Chants, songs and dances synchronise group activities and annihilate the alienation of the individual from the group, increasing stamina and raising morale for the urgent tasks of gathering, hunting, food preparation, shelter building, and simple manufacture of tools, weapons, clothing – keeping spirits up and minds off the pain of, for example, long treks or climbs.
A collective working process requires a coordinating working rhythm. This working rhythm is supported by a more. or less articulate unison chant…The first word-signs for working processes – chanted sounds providing a uniform rhythm for the collective – were probably, at the same time, command signals intended to arouse the collective to action (in the same way as a warning cry produces an immediate passive reaction, e.g. the flight of the herd). Thus there was power stored up in every linguistic means of expression – power over both man and nature. – Ernst Fischer, The Necessity of Art, Lawrence and Wishart, 1959
Songs and chants retain this original group cohesion purpose into the modern era, most obviously in hard manual work and military settings – think of the worksongs of African-American Slaves, such as Swing Low Sweet Chariot. Think of the marching songs common to all infantries. The primeval structure of the participatory, unifying chant – call and response – is also fossilised in the verse chorus structure of most songs, in religious ceremonies such as the Catholic mass, in some participatory live poetry cultures in the Middle East, and so on.
Scottish Island women ‘Walking The Tweed’ while singing an old worksong.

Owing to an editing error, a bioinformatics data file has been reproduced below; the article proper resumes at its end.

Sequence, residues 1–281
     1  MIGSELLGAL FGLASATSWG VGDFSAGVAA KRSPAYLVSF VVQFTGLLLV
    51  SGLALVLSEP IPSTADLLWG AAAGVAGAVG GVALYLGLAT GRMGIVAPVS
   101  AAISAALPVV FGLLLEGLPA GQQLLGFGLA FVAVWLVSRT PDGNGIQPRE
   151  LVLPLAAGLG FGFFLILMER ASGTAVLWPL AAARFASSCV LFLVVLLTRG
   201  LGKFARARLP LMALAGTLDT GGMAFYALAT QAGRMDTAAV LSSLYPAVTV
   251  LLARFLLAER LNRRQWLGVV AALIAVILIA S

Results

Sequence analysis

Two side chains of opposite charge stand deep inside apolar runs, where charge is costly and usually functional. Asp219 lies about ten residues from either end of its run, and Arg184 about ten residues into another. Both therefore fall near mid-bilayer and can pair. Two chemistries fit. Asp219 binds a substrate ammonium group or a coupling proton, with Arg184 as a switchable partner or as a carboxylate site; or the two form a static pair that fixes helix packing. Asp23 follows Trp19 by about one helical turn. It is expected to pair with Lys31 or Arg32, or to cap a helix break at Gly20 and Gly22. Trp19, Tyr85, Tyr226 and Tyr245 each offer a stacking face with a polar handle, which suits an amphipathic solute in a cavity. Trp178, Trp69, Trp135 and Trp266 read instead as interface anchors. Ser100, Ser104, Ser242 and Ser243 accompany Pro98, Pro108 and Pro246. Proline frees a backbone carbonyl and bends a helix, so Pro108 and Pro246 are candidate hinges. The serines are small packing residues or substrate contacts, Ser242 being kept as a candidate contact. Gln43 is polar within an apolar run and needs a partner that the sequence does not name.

The story has a different original purpose, which is present in the role stories play in the lives of infant humans today. Those of us who are lucky enough to have been born into a situation of love and care will universally have been told our first story by a guardian who is trying to calm us down at bedtime, to assuage our abandonment anxiety, to put us to sleep. This will be the case whether we are born in Tokyo or Tipperary, Timbuktu or Toronto.
The story, in other words, is a natural tranquilliser – Valium in a wordy form. For this original purpose, its content is far less important than its form – the pre-linguistic infant has no idea what any of the story means, it’s simply that the presence of familiar, uninterrupted voice-in-flow is calming and reassuring. Nonsense rhymes exist because sense is not a requirement for the job they are doing.
In a hostile natural environment, as darkness fell and the presence of potential predators in the surrounding landscape is felt more keenly and more terrifyingly with every passing instant, the enunciation of a story by a leading tribe member calms and reassures, allowing children and others to relax into a night’s shut-eye knowing someone is awake and keeping guard:
And then that sweet, heart-piercing melody
He drew out from the rigid-seeming lyre,
And made the circle round the winter fire
More like to heaven than gardens of the May.
So many a heavy thought he chased away
– William Morris, The Earthly Paradise, 1881)
All of the arts share this distractive and soothing function in common. Participation in them – and everyone in the primal group participated – requires all our individual attention, or, to put it scientifically, uses up all our neurological capacity. When we are immersed in singing, dancing, music-making and so on, our individual worries recede and we feel connected to and part of something greater than ourselves.
Primal societies viewed this something greater as divine or ancestral in nature, and accessed it through total collective immersion in ritual practices. The closest a contemporary human can come to such totally immersive collective rituals, which likely varied in scale from band-size – a couple of dozen – to far larger events at intertribal gatherings, is the way we might feel while dancing intoxicatedly at a rave, especially an ‘illegal’ outdoor one, our minds emptied of anything but the overwhelming music and our bodies locked into the collective rhythm provided by the bass. But anytime we escape into a film or a book we get an echo of the ancient immersion. Our minds are primed by evolution to take the escape routes offered to us by artistic experience, which all ultimately derives from these Palaeolithic rituals within which artistic practices originally evolved and were put to work for the collective good.